While Rosenblatt made significant contributions to improving the initial MCP neuron, many limitations still remained, primarily in that his perceptrons could only handle classification tasks for linearly separable classes (Ibanez). Here, linear separability refers to whether or not an n-1 dimensional surface (eg. 1D line) could separate different groups in an n dimensional space (eg. 2D space) (AI Shack). In 1969, Marvin Minsky and Seymour Papert published their book, Perceptrons: An Introduction to Computational Geometry, criticizing Rosenblatt’s work based on this restriction. Highlighting the limitations of single layer perceptrons (where input nodes are directly linked to output nodes through weights), Minsky and Papert proved that Rosenblatt’s perceptrons failed to learn the non-linearly separable XOR function, suggesting that the perceptron could not be applicable for even the most basic logical operations (Loiseau). Minsky’s disparaging comments about the limitations of Rosenblatt’s perceptrons combined with his prediction of impending doom for future perceptron research are often thought to have contributed to the “AI winter” of the 1970s (Dickson).

Fortunately, David Rumelhart, Geoffrey Hinton, and Ronald Williams’ 1986 paper “Learning representations by back-propagating errors” marked the end of the 1970s AI Winter. Though initially theorized by Rosenblatt, these researchers developed an algorithm called “backpropagation” (Rumelhart, et al.). This algorithm calculates error by comparing the perceptron’s calculated output with the target output and relays the error backwards through all the perceptron’s layers, so that the perceptron can adjust the weights to minimize the error accordingly (CSU Lab). By establishing this backpropagation algorithm, Rumelhart, Hinton, and Williams successfully brought to life Rosenblatt’s idea of creating a feed-forward network (where information only moves in one direction from input to output), also known as a multilayer perceptron, based on backpropagation learning (Rumelhart, et al.).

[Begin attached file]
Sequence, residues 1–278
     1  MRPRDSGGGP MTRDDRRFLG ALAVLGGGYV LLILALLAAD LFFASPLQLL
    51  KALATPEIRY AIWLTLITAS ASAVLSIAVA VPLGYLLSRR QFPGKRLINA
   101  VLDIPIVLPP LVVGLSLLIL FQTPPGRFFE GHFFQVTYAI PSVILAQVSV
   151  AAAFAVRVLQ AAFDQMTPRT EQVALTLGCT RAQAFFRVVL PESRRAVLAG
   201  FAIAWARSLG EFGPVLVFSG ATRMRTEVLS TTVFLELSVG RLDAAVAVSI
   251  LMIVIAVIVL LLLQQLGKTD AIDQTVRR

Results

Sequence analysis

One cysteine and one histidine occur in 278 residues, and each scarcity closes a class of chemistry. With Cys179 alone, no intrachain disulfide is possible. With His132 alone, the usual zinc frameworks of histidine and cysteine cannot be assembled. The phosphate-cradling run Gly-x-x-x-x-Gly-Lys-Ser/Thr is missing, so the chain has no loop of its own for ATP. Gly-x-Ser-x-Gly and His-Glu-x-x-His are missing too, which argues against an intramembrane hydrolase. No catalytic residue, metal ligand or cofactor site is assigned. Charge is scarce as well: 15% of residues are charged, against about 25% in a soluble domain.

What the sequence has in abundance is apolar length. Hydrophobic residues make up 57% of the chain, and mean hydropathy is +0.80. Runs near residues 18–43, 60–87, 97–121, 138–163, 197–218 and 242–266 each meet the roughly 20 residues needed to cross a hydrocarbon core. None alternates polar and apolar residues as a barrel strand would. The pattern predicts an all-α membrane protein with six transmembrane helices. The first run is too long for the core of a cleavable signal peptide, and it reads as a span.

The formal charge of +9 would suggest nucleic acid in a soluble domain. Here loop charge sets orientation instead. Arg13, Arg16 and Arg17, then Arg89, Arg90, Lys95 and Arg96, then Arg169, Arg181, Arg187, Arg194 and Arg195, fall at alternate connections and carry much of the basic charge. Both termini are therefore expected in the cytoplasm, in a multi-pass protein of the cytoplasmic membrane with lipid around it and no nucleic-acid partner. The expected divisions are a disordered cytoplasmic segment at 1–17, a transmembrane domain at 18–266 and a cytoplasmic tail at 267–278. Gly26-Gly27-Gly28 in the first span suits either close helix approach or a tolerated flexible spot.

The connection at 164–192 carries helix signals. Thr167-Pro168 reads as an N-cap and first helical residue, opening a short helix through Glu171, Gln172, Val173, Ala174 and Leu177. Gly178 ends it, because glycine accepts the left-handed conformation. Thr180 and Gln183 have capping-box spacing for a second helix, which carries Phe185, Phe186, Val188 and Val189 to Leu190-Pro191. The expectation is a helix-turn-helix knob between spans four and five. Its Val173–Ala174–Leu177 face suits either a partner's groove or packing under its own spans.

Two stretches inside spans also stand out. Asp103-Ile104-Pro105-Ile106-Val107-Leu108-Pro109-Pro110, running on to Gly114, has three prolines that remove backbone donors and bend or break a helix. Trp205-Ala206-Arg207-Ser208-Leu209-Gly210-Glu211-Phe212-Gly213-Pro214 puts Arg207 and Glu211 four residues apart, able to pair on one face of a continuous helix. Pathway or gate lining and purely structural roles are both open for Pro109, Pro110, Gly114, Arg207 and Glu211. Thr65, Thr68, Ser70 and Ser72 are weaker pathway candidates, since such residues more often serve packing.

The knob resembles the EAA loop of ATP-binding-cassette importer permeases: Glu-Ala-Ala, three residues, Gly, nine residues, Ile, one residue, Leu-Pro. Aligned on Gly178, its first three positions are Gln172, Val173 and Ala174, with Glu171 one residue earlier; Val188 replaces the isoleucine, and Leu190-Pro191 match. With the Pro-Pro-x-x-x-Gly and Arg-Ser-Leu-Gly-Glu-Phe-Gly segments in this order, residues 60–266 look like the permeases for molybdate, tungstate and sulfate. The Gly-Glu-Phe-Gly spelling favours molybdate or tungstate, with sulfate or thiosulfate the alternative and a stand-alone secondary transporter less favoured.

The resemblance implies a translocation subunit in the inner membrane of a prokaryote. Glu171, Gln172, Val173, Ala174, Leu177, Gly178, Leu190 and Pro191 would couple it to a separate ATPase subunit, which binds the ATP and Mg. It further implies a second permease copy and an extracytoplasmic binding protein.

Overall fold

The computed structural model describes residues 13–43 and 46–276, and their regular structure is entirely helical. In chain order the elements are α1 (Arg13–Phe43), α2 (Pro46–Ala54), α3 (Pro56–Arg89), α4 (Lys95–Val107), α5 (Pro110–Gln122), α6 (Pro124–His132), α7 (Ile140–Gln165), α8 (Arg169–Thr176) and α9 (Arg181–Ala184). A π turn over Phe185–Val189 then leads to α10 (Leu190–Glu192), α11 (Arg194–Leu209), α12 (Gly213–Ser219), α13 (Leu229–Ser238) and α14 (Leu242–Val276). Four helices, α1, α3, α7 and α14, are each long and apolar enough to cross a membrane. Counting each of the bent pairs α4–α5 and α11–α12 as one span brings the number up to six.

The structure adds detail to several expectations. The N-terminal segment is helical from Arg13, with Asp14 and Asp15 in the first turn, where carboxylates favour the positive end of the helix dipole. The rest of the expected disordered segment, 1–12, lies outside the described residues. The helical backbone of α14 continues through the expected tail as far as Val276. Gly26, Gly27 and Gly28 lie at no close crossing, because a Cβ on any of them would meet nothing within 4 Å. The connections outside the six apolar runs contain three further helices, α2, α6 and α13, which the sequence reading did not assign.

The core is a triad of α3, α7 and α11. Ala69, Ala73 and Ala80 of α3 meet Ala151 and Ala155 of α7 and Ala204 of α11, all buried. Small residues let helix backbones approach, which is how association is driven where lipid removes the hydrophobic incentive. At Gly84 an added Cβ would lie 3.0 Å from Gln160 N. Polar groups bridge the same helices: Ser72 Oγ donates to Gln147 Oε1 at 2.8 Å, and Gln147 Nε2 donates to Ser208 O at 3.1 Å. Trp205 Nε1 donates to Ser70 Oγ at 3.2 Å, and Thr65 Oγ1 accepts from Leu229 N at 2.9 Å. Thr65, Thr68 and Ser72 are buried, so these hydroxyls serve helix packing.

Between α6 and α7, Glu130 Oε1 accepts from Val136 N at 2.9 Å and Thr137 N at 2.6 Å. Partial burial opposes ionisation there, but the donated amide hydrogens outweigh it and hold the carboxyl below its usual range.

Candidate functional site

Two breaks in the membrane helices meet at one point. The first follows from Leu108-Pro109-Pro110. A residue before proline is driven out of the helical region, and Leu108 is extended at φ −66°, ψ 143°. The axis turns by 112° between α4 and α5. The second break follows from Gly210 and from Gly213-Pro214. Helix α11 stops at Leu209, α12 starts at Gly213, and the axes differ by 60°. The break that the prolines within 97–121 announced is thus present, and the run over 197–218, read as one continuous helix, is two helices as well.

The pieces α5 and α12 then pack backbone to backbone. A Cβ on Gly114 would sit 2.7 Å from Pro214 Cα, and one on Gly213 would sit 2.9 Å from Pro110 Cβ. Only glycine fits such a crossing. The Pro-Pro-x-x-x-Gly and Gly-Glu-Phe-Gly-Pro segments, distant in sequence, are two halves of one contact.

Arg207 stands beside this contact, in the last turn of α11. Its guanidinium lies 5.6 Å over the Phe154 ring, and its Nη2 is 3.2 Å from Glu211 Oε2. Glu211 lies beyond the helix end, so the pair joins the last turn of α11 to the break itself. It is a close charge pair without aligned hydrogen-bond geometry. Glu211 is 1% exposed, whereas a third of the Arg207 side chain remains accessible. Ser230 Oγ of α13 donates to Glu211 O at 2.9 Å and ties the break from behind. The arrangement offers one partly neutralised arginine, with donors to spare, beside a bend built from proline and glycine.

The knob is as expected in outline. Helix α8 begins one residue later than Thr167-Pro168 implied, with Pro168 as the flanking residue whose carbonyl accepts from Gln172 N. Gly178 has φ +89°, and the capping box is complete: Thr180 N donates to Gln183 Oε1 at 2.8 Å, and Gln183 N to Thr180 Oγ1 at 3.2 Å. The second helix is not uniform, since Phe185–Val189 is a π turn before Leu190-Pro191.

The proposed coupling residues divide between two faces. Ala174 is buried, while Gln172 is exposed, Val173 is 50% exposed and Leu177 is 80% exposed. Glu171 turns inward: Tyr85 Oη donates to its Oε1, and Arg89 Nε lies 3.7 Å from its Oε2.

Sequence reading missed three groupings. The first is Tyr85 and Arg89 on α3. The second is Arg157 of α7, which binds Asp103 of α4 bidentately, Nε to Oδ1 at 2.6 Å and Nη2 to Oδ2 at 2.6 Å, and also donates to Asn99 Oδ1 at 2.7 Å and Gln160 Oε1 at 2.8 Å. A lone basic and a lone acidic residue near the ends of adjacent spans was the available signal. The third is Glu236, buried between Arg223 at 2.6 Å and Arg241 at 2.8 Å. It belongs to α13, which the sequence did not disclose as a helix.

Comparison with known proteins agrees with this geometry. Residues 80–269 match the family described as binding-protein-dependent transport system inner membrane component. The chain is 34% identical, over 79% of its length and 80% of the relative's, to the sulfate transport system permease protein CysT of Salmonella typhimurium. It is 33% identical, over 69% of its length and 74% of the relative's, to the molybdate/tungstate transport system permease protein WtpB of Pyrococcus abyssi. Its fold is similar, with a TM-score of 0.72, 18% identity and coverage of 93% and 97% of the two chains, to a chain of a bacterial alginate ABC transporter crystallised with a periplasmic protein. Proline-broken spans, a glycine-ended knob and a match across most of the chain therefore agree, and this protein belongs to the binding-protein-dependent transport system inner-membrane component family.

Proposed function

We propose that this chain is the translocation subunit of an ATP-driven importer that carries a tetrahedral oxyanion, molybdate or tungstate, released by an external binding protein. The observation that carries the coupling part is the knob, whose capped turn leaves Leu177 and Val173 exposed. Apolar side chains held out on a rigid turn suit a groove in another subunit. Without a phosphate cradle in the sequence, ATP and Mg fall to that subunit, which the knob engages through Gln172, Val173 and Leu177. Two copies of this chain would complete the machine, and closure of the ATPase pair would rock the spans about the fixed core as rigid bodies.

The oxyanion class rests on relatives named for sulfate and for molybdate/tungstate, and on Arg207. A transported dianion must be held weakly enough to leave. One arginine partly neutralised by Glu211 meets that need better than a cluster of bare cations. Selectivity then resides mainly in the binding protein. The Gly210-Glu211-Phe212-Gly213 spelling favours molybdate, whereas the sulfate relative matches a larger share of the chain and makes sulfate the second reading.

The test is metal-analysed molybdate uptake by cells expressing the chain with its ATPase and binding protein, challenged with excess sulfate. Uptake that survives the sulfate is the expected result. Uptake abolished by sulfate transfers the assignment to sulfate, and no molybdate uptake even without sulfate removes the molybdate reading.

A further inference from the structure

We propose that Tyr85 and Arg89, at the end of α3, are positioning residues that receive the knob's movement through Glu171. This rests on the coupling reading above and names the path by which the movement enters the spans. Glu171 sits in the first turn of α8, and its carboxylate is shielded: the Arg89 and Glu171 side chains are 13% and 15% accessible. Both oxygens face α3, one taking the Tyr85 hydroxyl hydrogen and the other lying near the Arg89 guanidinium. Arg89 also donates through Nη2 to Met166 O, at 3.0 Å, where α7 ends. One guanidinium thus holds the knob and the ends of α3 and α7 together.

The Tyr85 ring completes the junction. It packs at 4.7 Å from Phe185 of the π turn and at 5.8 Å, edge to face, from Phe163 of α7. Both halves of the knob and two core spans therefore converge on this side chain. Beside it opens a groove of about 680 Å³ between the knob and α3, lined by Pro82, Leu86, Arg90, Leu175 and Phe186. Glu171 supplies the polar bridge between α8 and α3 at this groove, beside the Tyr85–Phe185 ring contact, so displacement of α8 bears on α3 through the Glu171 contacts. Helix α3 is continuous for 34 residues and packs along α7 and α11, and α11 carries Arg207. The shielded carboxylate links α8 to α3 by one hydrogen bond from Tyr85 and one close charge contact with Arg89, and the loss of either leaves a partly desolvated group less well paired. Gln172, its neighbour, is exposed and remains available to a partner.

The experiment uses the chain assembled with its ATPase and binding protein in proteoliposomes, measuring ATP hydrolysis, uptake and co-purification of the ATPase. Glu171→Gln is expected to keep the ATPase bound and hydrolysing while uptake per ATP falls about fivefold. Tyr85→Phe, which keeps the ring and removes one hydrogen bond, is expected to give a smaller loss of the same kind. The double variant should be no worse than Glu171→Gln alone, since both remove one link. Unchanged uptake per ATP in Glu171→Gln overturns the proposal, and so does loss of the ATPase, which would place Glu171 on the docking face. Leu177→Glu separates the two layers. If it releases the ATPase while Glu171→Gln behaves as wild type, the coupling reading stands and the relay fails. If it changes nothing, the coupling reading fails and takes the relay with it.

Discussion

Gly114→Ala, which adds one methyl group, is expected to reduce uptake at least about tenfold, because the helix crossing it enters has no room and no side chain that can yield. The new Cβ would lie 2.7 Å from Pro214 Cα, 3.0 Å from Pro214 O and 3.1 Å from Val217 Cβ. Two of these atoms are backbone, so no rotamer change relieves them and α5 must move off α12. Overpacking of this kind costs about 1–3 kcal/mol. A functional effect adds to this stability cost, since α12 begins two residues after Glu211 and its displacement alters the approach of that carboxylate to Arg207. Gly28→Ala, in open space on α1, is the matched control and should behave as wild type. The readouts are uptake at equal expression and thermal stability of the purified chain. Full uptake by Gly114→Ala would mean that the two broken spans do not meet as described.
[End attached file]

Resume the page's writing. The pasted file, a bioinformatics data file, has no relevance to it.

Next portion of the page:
Rumelhart, Hinton, and James McClelland went on to popularize PDP in their 1986 book, “Parallel Distributed Processing, Volume 1 Explorations in the Microstructure of Cognition: Foundations.” Consolidating the research done on PDP in the 1970s, they detailed the three general principles for the PDP model: the representation of information is distributed, memory and knowledge are stored within connections between neurons, and learning happens as connection strength changes gradually through experience (MIT Press).

As the field of artificial intelligence is rapidly expanding in the 21st century, PDP continues to be the foundation for modern neural networks. Lying at the intersection of neuroscience, psychology, and computer science, PDP is vital to understanding the way neurons work to model human decision making processes.

Works Cited

Chandra, Akshay L. “McCulloch-Pitts Neuron — Mankind’s First Mathematical Model of a Biological Neuron,” https://towardsdatascience.com/mcculloch-pitts-model-5fdf65ac5dd1

Dickson, Ben. “What is the AI Winter?”, https://bdtechtalks.com/2018/11/12/artificial-intelligence-winter-history/

Hebb, Donald O. “The Organization of Behavior,” New York: Wiley, pg. 62.

Ibanez, David. “Artificial Neural Networks - The Rosenblatt Perceptron,” https://www.neuroelectrics.com/blog/artificial-neural-networks-the-rosenblatt-perceptron/

Loiseau, Jean-Christophe B. “Rosenblatt’s Perceptron, the first modern neural network,” https://towardsdatascience.com/rosenblatts-perceptron-the-very-first-neural-network-37a3ec09038a

MIT Press. “PDP Research Group.”, mitpress.mit.edu/contributors/pdp-research-group.

CSU Lab. “History of the Perceptron” https://web.csulb.edu/~cwallis/artificialn/History.htm

Rumelhart, et al. “Learning Representations by Back-Propagating Errors,” www.nature.com/articles/323533a0.pdf. Accessed 31 Oct. 2019.